• Act against those members of the security forces responsible for the killing and violation of human rights of civilians.
  • Repeal the Armed Forces Special Powers Act which shields the security forces from being made accountable for human rights violations and promotes a culture of impunity.
  • Withdraw the CRPF from Kashmir and confine the role of the army to defending India’s borders. Internal security should be the responsibility of the local police.
  • Initiate talks with the leaders of the Azadi movement and the Pakistan government to find a just solution to the conflict


We trust you will give serious consideration to our appeal and favour us with an early reply.
 
Kind regards.
 
Yours sincerely,
 


 
Date:
 
H.E. Prof. Dr. Ekmeleddin Ihsanoglu
Secretary General
The Organisation of Islamic Conference
Madinah Road
P.O. Box 178, Jeddah- 21411
Kingdom of Saudi Arabia
Your Excellency,
 
HUMAN RIGHTS VIOLATIONS IN KASHMIR
 
We write to bring to your attention the excessive force used by the Indian security forces on stone-throwing demonstrators in the Indian-administered Kashmir region which has resulted in the shooting and killing of 11 youths, most of them in their teens, in less than three weeks.
 
The latest wave of unrest began on June 11 when a seventeen-year-old Kashmiri youth, Tufail Ahmad Mattoo, died after he was hit by a teargas shell fired by the police during a routine post-Friday prayers protest in downtown Srinagar.
 
From June 19 till June 29, ten other Kashmiri youths, aged 15 to 27 years, had been shot and killed by the Central Reserve Police Force (CRPF) in Srinagar, Sopore, Delina and Anantnag giving an average of one Kashmiri youth being killed per day.
 
The public anger against the state authorities was triggered by the earlier fake encounter by the CRPF and the police in the Machil sector of Kupawara district in which fifteen civilians; all aged between nine to twenty five years, were shot and killed in cold blood.  
 
On the human rights situation in Kashmir, the website India Together comments: “The human rights record of the Indian security forces in Kashmir has been characterized by arbitrary arrests, torture, rape and extrajudicial killings.”  It further records that ‘2477 civilians had been killed by the Indian forces in the period 1990-1998 (PTI release, 13 September 1998), according to conservative estimates by official sources which mostly exclude thousands of custodial killings. In April 1997, the Minister of State for Home Affairs admitted that 454 persons were missing since 1990.’ It is shocking that the Home Ministry has not taken effective action to stop these serious violations of the human rights of the Kashmiris.
 
India’s Home Minister’s response to the demonstrations by youths calling for freedom, Azadi, is to call in the Army and use disproportionate force to suppress them. As in Orissa, in Kashmir too, force and state violence did not, and will never, work. His blaming Pakistan’s Lashkar – e – Taiba for the unrest is baseless and can be viewed only as propaganda. His statement will serve only to prevent efforts to address the real grievances of the Kashmiris, and would strengthen the hands of the Hindutva extremists opposed to negotiations between India and Pakistan to resolve their six decades-old conflict.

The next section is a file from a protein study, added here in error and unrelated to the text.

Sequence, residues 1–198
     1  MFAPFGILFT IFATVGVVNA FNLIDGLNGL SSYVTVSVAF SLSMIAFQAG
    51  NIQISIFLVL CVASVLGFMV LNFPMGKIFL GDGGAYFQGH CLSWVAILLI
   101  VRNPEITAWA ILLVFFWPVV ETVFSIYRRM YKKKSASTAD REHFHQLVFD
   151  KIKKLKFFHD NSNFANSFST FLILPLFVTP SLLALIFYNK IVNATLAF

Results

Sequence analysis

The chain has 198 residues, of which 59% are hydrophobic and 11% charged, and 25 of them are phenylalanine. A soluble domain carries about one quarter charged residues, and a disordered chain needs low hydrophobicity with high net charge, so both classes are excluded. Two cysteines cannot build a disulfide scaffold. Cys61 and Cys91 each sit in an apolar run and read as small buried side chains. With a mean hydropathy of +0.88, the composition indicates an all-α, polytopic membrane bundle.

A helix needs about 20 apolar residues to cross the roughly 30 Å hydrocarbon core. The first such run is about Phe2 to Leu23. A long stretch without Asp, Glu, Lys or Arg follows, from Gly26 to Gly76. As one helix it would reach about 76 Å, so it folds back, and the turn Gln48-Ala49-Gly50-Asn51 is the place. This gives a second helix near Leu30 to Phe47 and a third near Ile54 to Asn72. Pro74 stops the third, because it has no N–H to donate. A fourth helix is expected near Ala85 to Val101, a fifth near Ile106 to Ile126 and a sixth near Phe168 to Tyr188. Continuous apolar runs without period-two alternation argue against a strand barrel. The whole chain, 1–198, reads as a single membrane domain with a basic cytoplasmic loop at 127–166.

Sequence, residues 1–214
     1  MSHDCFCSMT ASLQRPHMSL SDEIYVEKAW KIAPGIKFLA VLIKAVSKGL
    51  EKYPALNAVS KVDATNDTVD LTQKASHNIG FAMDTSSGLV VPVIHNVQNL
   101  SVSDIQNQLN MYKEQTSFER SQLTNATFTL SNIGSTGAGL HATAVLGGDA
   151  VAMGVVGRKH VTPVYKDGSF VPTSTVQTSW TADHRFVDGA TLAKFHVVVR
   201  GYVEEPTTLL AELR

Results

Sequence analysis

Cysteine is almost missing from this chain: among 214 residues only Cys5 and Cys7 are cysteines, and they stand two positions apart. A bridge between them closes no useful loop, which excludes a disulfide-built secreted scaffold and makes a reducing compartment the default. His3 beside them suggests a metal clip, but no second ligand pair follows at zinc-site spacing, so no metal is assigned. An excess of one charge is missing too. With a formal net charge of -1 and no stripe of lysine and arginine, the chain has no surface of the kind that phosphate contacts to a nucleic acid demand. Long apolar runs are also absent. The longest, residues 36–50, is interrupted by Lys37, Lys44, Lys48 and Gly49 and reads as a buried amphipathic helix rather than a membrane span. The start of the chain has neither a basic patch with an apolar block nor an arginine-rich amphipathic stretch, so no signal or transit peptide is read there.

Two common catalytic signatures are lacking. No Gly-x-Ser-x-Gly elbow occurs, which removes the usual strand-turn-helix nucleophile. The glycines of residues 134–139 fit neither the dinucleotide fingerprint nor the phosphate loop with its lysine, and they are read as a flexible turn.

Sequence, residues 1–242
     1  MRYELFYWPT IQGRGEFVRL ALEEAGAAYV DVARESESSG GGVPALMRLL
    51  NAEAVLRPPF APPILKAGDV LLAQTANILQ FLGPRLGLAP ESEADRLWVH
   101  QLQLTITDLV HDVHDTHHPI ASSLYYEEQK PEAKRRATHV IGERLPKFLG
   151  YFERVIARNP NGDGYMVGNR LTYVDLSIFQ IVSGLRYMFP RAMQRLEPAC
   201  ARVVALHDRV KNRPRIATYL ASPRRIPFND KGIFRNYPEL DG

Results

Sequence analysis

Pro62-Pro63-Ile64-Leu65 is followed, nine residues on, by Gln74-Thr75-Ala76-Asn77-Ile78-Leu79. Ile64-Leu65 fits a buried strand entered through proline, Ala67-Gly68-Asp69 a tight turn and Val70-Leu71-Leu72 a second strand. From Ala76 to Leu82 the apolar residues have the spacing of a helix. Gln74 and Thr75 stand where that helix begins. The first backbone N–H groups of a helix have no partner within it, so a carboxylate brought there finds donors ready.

The unrest in Kashmir is a manifestation of a deeper problem which requires a political solution. It is rooted in the denial of the right of self-determination to the people of Kashmir after the disastrous partitioning of India by the British colonial government in 1947. Despite the passage of time, the yearning for freedom among Kashmiris is still alive and burning. A new generation of youths has assumed the responsibility to continue the struggle for freedom and nothing, neither tanks nor bullets, can kill their spirit and will.
 
Majority of the people in Kashmir, India and Pakistan long for peace, justice and socio-economic development. Civil society organizations are carrying out activities to connect people from the three territories and promote friendship and peace.  The India-Pakistan Peace Caravan, "Aman ke Badhte Qadam", which left Mumbai and Karachi  simultaneously on 27th July and will meet at Wagah-Atari border on 13th August, 2010 is a good example of civil society initiative to resolve the conflict which should be reciprocated by the governments.
 
The Indian government needs to engage all concerned parties – leaders of Kashmir’s Azadi movement and Pakistani leaders – to find a peaceful solution to the wasteful conflict which is draining the resources of India and Pakistan and causing suffering and misery for millions. Peace will unite the people who have been artificially divided, and release the forces and the energy for the economic, social, cultural and spiritual development of the region.
 
Kashmir is a Muslim state which has been occupied by India and Pakistan. The OIC as an international body mandated by its Charter to protect Muslims should take the initiative to enable the Kashmiris to exercise their right to self-determination. We urge you to take concrete steps to do justice to the people of Kashmir including bringing this matter to the United Nations.
 
We call upon Your Excellency to urge the Indian government to take urgent and effective action to:

 

  • Act against those members of the security forces responsible for the killing and violation of human rights of civilians.
  • Repeal the Armed Forces Special Powers Act which shields the security forces from being made accountable for human rights violations and promotes a culture of impunity.
  • Withdraw the CRPF from Kashmir and confine the role of the army to defending India’s borders. Internal security should be the responsibility of the local police.
  • Initiate talks with the leaders of the Azadi movement and the Pakistan government to find a just solution to the conflict

 

We trust you will give serious consideration to our appeal and favour us with an early reply.
 
Kind regards.
 
 
Yours sincerely,
 
……………………….
(Your name)


Source: CITIZENS INTERNATIONAL